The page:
NFL owners approve ban of swivel hip-drop tackle



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NFL owners have approved a rule proposal to ban the swivel hip-drop tackle, the league announced Monday.

The violation will result in a 15-yard penalty if flagged in games, but Troy Vincent, the NFL’s executive vice president of football operations, strongly implied last week that it is likely to be enforced similarly to the “use of helmet” rule, which typically leads to warning letters and fines in the week after a game rather than flags during play.

The proposal was written to address only a subset of the rugby tackling style that has spread around the NFL in recent years, competition committee chairman Rich McKay said last week.

The tackling technique often results in lower-body injuries. The rule requires officials to note two actions: If a defender “grabs the runner with both hands or wraps the runner with both arms” and also “unweights himself by swiveling and dropping his hips and/or lower body, landing on and trapping the runner’s leg(s) at or below the knee.”

On Monday, McKay clarified that Monday’s rule change doesn’t eliminate the hip-drop tackle — only the “swivel technique that doesn’t get used very often.”

“When it is used, it is incredibly injurious to the runner — the runner is purely defenseless. I’ve heard defenders say before and I hear them — ‘Hey, you’re putting me in a really tough spot, you’re saying I can’t hit here and what do I do?’ My response has as always been, ‘Well, you can’t do that.’ That’s just because the guy you’re hitting is defenseless, has no way to protect himself,” McKay said, according to NFL.com.

“So, we’ve got to protect him. You’ve got to come up with other ways and you know what, they do. Yes, we outlawed the hip-drop, but what you may think are the drag-from-behind where he falls on the — that’s still a tackle. This is only that tackle where the player is lifting themselves in the air and then falling on the legs.”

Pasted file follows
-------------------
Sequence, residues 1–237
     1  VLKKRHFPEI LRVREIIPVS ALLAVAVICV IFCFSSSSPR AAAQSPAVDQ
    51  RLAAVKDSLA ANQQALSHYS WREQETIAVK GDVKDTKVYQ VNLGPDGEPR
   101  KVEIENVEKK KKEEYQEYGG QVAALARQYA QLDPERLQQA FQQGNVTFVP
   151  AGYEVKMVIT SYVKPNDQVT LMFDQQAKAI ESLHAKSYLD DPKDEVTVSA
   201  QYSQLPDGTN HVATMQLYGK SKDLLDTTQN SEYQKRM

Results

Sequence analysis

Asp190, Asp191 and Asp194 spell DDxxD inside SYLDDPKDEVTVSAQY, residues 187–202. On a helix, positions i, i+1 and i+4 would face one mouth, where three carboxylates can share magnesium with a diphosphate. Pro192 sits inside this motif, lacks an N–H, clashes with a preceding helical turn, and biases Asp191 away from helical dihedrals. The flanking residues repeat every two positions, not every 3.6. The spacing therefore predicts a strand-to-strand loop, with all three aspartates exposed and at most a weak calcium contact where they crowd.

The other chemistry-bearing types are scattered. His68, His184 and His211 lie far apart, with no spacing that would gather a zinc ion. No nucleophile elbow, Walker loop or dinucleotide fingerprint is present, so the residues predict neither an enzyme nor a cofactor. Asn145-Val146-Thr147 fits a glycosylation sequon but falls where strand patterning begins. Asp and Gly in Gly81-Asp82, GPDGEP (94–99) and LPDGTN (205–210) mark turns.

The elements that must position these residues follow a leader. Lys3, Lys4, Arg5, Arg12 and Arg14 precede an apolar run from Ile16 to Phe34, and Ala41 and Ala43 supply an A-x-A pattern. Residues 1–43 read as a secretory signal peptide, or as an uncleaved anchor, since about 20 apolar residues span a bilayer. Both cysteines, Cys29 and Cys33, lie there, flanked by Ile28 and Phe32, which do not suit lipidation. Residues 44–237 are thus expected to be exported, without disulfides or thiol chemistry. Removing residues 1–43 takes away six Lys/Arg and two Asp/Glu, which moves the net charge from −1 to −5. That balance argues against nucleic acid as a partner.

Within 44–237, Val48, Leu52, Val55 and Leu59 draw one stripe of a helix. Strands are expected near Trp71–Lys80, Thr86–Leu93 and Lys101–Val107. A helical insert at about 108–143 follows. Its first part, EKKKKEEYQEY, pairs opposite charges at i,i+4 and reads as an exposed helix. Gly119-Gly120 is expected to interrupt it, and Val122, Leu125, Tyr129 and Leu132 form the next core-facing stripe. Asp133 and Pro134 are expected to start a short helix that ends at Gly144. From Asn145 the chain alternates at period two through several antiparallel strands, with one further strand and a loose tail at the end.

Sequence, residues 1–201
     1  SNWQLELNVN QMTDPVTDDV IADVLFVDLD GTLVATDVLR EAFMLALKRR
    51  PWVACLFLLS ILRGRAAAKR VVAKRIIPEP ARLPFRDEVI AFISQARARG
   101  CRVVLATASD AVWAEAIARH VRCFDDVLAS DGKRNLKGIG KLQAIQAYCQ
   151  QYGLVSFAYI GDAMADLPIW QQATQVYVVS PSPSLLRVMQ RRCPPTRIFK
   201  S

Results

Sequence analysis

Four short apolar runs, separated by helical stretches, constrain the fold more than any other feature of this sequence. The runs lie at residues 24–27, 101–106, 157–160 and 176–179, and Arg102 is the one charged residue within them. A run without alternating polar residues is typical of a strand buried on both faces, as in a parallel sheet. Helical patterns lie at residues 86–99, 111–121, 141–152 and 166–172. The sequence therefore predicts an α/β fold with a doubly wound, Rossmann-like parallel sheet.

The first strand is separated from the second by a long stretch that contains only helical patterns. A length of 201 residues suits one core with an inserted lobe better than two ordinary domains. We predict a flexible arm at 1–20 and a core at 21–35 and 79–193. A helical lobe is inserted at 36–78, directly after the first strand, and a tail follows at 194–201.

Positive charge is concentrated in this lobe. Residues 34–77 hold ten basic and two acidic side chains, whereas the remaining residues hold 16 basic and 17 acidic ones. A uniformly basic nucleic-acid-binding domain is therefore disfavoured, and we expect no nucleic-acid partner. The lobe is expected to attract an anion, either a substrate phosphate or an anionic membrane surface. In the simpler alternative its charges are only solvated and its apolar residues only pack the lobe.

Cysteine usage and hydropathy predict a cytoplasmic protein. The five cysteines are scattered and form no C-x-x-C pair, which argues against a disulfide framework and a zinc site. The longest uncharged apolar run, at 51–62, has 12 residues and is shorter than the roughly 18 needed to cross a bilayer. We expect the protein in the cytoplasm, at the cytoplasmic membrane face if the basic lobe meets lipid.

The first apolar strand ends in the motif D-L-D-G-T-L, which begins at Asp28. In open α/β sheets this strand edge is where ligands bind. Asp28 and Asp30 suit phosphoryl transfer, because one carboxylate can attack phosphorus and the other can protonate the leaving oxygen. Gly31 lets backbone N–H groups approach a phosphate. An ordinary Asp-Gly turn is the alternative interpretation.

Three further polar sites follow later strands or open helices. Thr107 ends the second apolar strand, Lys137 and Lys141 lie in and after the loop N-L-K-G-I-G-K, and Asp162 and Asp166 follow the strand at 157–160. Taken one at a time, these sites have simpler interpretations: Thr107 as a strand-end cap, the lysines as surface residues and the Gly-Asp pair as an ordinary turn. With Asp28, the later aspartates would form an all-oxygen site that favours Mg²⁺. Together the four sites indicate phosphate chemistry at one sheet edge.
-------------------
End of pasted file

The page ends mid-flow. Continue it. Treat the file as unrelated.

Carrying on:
NFL executive vice president Jeff Miller said there were 230 instances of the tackling technique occurring during a game last season with 15 players missing time as a result.

The NFL Players Association joined many current and former players in objecting to the proposal last week. In a statement posted to social media, the NFLPA said the rule would cause confusion among players, coaches, officials and fans.

On Monday, former player J.J. Watt was among those expressing displeasure with the owners’ vote on the tackling technique, posting to X, “Just fast forward to the belts with flags on them…”

Current players also weighed in on X, including the Detroit Lions’ DJ Reader, Philadelphia Eagles’ Darius Slay and the Miami Dolphins’ Jevon Holland:

In addition, two other proposals were approved:

  • Teams will receive a third challenge following one successful challenge. Previously, teams had to be successful on two challenges to receive a third. The proposal was submitted by the Detroit Lions.

  • A major foul by the offense will be enforced before a change of possession in situations where there are fouls by both teams.

McKay said Monday that owners did not vote on the proposal to modify the kickoff, however a vote could still take place on Tuesday.

The competition committee’s proposal would move the majority of the kicking and return teams downfield to minimize high-speed collisions.

The kicker would continue to kick from the 35-yard line, but the other 10 players would line up at the receiving team’s 40-yard line. At least nine members of the return team would line up in a “setup zone” between the 35- and 30-yard line. Up to two returners can line up in a “landing zone” between the goal line and the 20-yard line. No one other than the kicker and returner(s) can move until the ball hits the ground or a player inside the landing zone. Touchbacks would be marked at the 30-yard line, and no fair catches would be allowed.

ESPN’s Kevin Seifert contributed to this report.





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